Liberal Supreme Court justices sought to shape the voting rights arguments


The Supreme Court’s three liberal justices — a Latina woman, a white woman and a black woman — urged in their voting rights arguments Tuesday to wrest the narrative of a color-blind America from the conservatives who now dominate the bench.

Led by Chief Justice John Roberts, the right-wing justices have rejected racially sensitive policies, including redistricting meant to increase the chances of racial minorities electing candidates.

“It’s a terrible business that divides us along racial lines,” Roberts wrote in a 2006 case.

Liberals, facing the controversy in Alabama on Tuesday, tried to refocus the court on the foundations of the Voting Rights Act of 1965. Their strong, if defensive, positions could foreshadow arguments over racial affirmative action in higher education later this month.

The lawyers who developed the lawsuits against Harvard and the University of North Carolina said the court, which restricts voting rights, is also willing to reverse precedent to take into account the schools’ race for student diversity on campus.

Tuesday’s case focused on a portion of the landmark VRA, known as Section 2, that prohibits election practices that deny a person the right to vote based on race, as well as the US congressional map that Alabama drew after the 2020 census.

Alabama’s black population is about 27%, but only one of its seven congressional districts has a black majority. A three-judge US district court, hearing a challenge brought by black voters and civil rights advocates, found that the map diluted the black vote in violation of Article 2. The court said it was possible to create a second black majority under the traditional. redistricting criteria linked to population size and geographic density.

But the Supreme Court blocked the lower court’s decision earlier this year, hearing the state’s case on Tuesday.

Justice Elena Kagan jumped in first to criticize Alabama’s effort to curtail Article 2 protections, calling the Voting Rights Act “one of the great achievements of American democracy, to ensure that African Americans, regardless of race, can have equal political opportunities. They can have as much political power as white Americans have ever had.” That’s a pretty big deal.”

Justice Ketanji Brown Jackson, the court’s newest member and its first black woman, argued against Alabama officials’ insistence on “race neutrality,” saying the Constitution’s framers adopted the Fourteenth Amendment’s guarantee of equal protection “in a race-conscious manner.”

“In fact, the people who were discriminated against, the free people of the Reconstruction period, were trying to be equal to everyone else in society. … That’s not a race-neutral or race-blind idea in terms of the remedy,” he said.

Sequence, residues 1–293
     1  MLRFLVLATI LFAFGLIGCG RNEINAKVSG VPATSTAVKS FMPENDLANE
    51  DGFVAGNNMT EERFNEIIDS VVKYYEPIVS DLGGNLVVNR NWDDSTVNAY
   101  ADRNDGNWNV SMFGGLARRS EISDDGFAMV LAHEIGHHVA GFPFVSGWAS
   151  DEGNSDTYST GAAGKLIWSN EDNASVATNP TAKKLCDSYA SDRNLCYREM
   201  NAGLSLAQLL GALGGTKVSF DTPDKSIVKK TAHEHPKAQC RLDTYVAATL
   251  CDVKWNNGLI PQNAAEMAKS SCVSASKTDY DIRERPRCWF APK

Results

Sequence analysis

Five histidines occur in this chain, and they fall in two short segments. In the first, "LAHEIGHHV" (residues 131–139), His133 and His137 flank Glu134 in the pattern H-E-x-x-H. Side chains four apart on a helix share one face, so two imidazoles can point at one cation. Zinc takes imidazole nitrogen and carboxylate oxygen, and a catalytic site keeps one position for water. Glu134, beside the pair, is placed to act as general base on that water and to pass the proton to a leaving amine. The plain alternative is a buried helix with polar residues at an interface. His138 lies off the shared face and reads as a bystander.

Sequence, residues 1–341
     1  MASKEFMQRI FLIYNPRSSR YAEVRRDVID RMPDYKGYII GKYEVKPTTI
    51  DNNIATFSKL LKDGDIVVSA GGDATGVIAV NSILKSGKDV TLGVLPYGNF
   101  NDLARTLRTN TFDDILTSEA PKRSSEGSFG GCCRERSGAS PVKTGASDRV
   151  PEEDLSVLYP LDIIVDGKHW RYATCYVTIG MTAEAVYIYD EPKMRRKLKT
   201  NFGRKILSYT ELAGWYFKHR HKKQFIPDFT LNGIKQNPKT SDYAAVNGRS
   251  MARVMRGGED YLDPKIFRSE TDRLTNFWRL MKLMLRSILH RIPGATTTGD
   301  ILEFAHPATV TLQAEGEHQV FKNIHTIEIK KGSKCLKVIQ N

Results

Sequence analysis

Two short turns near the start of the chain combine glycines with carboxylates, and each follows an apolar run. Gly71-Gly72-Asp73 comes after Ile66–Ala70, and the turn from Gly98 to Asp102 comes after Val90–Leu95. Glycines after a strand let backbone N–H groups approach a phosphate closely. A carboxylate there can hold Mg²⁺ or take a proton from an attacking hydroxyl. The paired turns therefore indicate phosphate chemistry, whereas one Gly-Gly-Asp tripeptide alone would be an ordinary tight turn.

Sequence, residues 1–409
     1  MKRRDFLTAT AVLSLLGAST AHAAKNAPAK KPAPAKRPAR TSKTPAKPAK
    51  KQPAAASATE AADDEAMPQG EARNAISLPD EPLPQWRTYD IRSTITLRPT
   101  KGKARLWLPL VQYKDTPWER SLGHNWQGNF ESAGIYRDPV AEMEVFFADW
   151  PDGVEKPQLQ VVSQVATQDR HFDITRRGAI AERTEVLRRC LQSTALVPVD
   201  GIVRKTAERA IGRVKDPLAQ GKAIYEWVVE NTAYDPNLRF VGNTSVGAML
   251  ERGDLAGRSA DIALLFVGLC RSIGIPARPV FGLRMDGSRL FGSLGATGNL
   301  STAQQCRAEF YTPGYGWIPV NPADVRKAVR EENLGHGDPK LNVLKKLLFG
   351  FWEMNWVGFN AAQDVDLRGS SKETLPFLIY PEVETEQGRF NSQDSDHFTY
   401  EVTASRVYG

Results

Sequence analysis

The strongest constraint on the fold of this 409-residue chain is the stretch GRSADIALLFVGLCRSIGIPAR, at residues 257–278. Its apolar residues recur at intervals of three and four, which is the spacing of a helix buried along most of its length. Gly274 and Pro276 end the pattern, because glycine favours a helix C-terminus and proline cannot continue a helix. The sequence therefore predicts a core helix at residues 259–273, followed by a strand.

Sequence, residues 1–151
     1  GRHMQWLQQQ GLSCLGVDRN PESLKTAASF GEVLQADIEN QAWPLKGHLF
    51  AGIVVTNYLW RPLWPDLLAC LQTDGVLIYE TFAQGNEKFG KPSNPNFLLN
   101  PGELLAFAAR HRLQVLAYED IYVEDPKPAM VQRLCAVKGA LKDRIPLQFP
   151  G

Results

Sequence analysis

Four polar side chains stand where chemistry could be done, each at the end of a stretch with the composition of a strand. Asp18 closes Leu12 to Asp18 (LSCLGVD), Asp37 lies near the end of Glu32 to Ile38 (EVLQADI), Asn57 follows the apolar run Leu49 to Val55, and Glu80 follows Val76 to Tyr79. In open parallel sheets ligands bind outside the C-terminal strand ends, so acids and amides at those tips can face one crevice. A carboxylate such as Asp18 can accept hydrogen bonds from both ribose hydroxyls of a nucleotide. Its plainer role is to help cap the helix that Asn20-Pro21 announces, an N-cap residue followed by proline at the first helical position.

Justice Sonia Sotomayor, the court’s first Hispanic justice, insisted that Section 2 was intended to ensure that “certain racial minorities … may participate equally.”

As a group, the Supreme Court’s conservatives largely held fire. Judge Neil Gorsuch did not ask a single question. Justice Clarence Thomas asked two modest questions of Alabama Attorney General Edmund LaCour and no questions of the lawyers challenging the Alabama plan, Deuel Ross and Abha Khanna, or US Attorney Elizabeth Prelogar, also asking the justices to affirm the lower court.

Thomas, who is Black, has argued that racial remedies violate the Fourteenth Amendment’s guarantee of equal protection and, in practice, stigmatize the groups they seek to benefit from.

He has joined Roberts in rulings to narrow the reach of the Voting Rights Act, most notably in 2013, when the court struck down so-called Section 5, which required states with a history of discrimination to seek federal approval before changing their election practices.

Shelby County v. In Holder’s opinion, Roberts wrote, “Our country has changed, and while racial discrimination in voting is overstated, Congress must ensure that the legislation it passes to address this problem speaks to today’s conditions.”

Roberts’ broader point of view, as he stated in a 2007 case rejecting school integration plans: “The way to stop discrimination based on race is to stop discrimination based on race.”

In Tuesday’s case, Roberts declined to put his hand on the details of Alabama’s map, though his record suggests a sympathy with the state’s position that just because a majority-minority district can be drawn doesn’t mean it should be. State officials say a second black majority would require racial considerations that conflict with the Fourteenth Amendment and the Voting Rights Act.

Jackson resisted the idea. “I don’t see that Congress is requiring race neutrality,” he said, noting that the law was intended to ensure that “one particular class of citizens” is not “less privileged” than another. “So it looks like Congress is allowing race to be taken into account,” he said.

Kagan recalled Shelby County v. In Holder’s decision, which struck down Section 5’s “preclearance” rule for states with a history of racial bias, the court’s majority held that Section 2 would be available to remedy ongoing discrimination.

But, Kagan noted, a 2021 decision in an Arizona case took a step toward narrowing Section 2’s coverage of potentially discriminatory voting practices.

“And now here we are,” he said, as debate over claims to dilute Alabama’s voter redistricting was setting the court up for another strike on the Voting Rights Act, “to dramatically reduce our 40-year record. This is also very difficult to overcome.”

He asked, “So what’s left?”